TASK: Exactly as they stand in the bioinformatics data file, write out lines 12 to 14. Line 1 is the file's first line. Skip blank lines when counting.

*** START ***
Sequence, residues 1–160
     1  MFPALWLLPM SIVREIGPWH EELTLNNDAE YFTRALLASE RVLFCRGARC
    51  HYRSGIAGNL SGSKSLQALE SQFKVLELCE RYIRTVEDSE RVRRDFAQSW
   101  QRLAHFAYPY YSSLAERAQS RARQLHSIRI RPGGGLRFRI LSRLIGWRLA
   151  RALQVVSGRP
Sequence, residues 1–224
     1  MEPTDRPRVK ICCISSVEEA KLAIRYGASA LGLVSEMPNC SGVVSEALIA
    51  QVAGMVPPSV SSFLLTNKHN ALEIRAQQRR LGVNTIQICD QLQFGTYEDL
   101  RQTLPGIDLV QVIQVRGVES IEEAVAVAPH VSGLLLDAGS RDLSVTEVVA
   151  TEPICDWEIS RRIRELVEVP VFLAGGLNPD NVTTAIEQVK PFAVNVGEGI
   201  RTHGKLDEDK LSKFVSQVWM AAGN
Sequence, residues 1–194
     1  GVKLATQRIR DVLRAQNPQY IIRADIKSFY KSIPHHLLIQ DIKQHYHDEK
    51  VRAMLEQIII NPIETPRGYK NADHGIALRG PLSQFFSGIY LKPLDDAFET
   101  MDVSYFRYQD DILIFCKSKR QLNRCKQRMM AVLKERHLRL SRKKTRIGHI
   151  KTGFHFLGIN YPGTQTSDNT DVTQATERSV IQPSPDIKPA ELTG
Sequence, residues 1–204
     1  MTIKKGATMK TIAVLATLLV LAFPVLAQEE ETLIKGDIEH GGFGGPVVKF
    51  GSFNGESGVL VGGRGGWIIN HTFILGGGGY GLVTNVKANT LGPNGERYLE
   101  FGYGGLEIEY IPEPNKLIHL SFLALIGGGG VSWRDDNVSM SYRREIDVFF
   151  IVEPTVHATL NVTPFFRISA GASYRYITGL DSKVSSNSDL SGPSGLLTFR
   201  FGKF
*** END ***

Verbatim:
Sequence, residues 1–194
     1  GVKLATQRIR DVLRAQNPQY IIRADIKSFY KSIPHHLLIQ DIKQHYHDEK
    51  VRAMLEQIII NPIETPRGYK NADHGIALRG PLSQFFSGIY LKPLDDAFET